DIAMOND: Psalm (1936). Kaddish for Cello and
Orchestra (1987). Symphony No. 3 (1945).
The orchestras website, www.SeattleSymphony.org, reports that Naxos is releasing 10 discs of American music this year that originally appeared on Delos, before the divorce that ended an association of some 15 years. The first of these newly remastered and repackaged issues contains(in playing time) two-thirds of Delos DE 3103: we still hear the rumbustious early Psalm that David Diamond wrote in 1936; the Third Symphony of 1945 that waited five years for a first performance (in Boston, conducted by Charles Munch); and Kaddish of 1987 for cello and orchestra, written forYo-Yo Ma at conductor Gerard Schwarzs suggestion but which János Starker recorded on January 6, 1991. The sum, though, is only 50:27 minutes. Whats missing is the 1951, five-movement suite for Romeo and Juliet on Broadway starring Olivia de Havilland.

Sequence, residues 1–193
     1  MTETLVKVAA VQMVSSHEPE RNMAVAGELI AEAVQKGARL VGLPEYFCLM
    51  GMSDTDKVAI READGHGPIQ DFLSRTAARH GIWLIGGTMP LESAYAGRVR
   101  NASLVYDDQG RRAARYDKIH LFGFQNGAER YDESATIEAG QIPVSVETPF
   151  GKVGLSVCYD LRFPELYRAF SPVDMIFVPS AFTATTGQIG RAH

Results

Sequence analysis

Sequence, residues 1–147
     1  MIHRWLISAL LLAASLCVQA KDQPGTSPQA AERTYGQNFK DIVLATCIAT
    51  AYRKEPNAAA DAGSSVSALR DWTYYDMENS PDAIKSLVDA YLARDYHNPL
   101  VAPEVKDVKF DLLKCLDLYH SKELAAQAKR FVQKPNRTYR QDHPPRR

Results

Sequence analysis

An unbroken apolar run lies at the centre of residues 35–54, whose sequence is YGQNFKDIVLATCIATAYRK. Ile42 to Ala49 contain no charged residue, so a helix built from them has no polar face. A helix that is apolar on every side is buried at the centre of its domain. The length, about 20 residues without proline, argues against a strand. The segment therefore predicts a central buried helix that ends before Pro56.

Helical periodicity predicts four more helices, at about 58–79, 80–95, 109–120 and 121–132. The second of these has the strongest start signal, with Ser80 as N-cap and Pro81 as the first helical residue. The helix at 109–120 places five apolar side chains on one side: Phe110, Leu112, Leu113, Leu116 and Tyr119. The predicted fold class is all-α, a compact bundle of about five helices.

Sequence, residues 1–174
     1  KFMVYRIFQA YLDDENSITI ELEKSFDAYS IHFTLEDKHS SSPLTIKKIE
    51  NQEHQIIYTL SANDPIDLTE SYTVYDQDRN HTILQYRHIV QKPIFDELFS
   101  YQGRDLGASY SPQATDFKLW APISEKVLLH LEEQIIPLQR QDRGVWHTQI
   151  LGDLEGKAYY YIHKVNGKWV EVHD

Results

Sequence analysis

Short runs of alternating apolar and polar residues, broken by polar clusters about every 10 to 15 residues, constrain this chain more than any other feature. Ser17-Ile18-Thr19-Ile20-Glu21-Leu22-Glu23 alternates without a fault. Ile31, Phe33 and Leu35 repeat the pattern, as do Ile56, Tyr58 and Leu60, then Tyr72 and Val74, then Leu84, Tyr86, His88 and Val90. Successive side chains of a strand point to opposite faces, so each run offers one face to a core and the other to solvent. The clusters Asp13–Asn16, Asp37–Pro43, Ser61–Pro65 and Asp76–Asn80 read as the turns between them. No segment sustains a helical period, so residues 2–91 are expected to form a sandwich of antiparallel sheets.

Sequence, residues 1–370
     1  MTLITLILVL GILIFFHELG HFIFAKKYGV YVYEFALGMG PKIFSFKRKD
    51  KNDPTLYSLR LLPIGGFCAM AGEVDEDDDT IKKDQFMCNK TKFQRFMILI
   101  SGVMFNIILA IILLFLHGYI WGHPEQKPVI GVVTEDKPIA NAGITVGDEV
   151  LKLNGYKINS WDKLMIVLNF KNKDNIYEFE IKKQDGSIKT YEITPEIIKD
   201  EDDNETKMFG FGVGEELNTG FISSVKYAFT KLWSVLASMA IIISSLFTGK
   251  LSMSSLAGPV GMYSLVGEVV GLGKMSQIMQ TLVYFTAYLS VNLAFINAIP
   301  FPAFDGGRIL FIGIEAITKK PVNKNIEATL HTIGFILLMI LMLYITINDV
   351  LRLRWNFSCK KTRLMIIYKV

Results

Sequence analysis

If you have DE-3103, theres no urgent reason to replace it; John
Eargle was the recording engineer back in in 1990-91, and then as now
one of the Americas sonic masters. His associate Albert G. Swanson
is listed as remastering engineer under the production aegis
of Laurence E. Tucker, the orchestras Director of Artistic Planning.
The sound is a tad brighter, the volume level a tad higher, and the timpani
explosively more so in the Symphony: clarity has been achieved at the
expense of deep bass and those delicate sonic textures Eargle captured
in the Andante of Symphony No. 3, the loveliest music on this disc. No.
3 is a four-movement work fast, slow, fast, slow with a
declamatory opening, then the Andante, a prankish scherzo (Allegro vivo,
which belies the canard of Diamonds being a sober-sides), and an
Adagio assai conclusion that recalls the first movements rhetoric
before a quiet ending.